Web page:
Sen. Imee Marcos wrongly claimed that her father, former president Ferdinand Marcos Sr., was awarded three types of military decorations from the United States (U.S.) government for his military service during the Second World War.
She also claimed that Marcos Sr. led a guerilla unit called “Ang mga Maharlika” (The Nobles).
To commemorate the Day of Valor last April 9, the senator’s official FB page posted a graphic listing the following as her father’s achievements:
- “In 1942, early in his military career, he (Marcos Sr.) earned his first Silver Star medal and was promoted to first lieutenant for leading the Mount Natib encounter, a successful attack on an established Japanese encampment.”
- “He also received the Congressional Medal of Honor from General Wainwright, who promoted him to captain, after strategically decimating another Japanese base at the Salian River.”
- “He received his second Silver Star medal in April of 1945 for the defense of Bessang Pass in Kiangan, Mountain Province.”
- “Distinct among these accolades is the Distinguished Service Cross which General Douglas MacArthur personally pinned on him in recognition of his participation in the defense of Bataan.”
Source: Senator Imee R. Marcos’ official Facebook page, Mabuhay ang mga magigiting na Pilipinong…, April 9, 2022
Minutes later, the graphic was reposted by FB page Jhonylucastv and bore this caption which was also carried by the senator’s FB post:
“Si dating Pangulong Ferdinand E. Marcos ay isa sa kanila, sundalo at lider ng guerilla intelligence group na ‘Ang Mga Maharlika’.”
(Former president Ferdinand E. Marcos was one of them, a soldier and a leader of a guerilla intelligence group called ‘The Maharlikans’.)
Source: Facebook page Jhonylucastv, Mabuhay ang mga magigiting na Pilipinong…, April 9, 2022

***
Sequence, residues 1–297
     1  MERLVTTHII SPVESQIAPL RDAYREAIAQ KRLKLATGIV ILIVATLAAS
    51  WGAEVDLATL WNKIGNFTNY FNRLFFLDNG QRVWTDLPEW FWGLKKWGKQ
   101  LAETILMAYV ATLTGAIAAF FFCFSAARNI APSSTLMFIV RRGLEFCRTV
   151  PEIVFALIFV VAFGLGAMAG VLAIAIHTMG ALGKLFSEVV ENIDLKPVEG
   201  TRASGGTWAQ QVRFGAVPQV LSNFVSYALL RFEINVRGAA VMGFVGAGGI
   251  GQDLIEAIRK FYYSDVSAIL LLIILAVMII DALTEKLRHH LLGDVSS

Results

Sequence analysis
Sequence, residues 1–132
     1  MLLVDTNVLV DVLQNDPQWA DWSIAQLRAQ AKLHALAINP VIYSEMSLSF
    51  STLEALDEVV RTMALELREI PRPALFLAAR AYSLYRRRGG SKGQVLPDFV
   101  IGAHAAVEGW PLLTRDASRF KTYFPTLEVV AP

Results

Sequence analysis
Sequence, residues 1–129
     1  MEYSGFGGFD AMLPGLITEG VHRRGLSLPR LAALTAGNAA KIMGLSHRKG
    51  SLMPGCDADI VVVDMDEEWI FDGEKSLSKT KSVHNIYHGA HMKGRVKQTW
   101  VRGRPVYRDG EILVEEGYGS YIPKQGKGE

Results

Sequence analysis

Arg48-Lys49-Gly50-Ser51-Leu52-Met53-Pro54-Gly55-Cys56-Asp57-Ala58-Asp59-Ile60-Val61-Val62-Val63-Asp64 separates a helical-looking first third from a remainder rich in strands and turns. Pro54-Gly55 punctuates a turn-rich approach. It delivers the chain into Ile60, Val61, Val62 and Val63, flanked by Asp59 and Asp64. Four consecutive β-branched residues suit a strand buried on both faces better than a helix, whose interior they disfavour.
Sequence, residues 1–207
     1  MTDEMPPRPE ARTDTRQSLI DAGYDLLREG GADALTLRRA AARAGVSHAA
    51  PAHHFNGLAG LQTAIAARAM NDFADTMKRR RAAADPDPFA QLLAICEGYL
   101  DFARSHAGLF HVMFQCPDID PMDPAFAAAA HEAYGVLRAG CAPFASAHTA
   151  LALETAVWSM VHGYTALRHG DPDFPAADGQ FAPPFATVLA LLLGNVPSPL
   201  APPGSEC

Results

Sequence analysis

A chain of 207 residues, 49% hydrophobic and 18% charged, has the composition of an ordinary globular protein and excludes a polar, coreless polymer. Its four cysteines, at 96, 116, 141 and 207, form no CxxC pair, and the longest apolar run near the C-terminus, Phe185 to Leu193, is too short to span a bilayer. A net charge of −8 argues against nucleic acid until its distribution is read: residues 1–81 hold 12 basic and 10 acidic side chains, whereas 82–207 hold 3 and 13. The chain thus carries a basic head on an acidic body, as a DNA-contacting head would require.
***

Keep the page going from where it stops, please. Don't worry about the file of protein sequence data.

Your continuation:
The latter post garnered 512 reactions, 16 comments, and 36 shares as of publishing. The senator’s post got a total of 30,900 interactions.
There is no official U.S. government record supporting the claim about Marcos receiving medals from the U.S. Armed Forces. Claims about such military decorations are fake, according to a 2016 report by the National Historical Commission of the Philippines (NHCP), the University of the Philippines’ Third World Studies Center (UP TWSC), and a story by The Washington Post.
On U.S. military decorations
U.S. Army records also show that Marcos neither got a DSC nor any Silver Star medals, as stated in a 1966 U.S. State Department telegram quoted in the 2016 NHCP report.
According to a 1983 investigation by The Washington Post, a 44-page military transcript called “History of the 21st Division” at the Institute of Military History at Carlisle, Pennsylvania, did not mention anything about Marcos being recommended for the Medal of Honor or receiving a DSC or a Silver Star medal.
The Medal of Honor, DSC and Silver Star medals are the three highest military decorations in the U.S., respectively, according to the U.S. Department of Defense (DoD).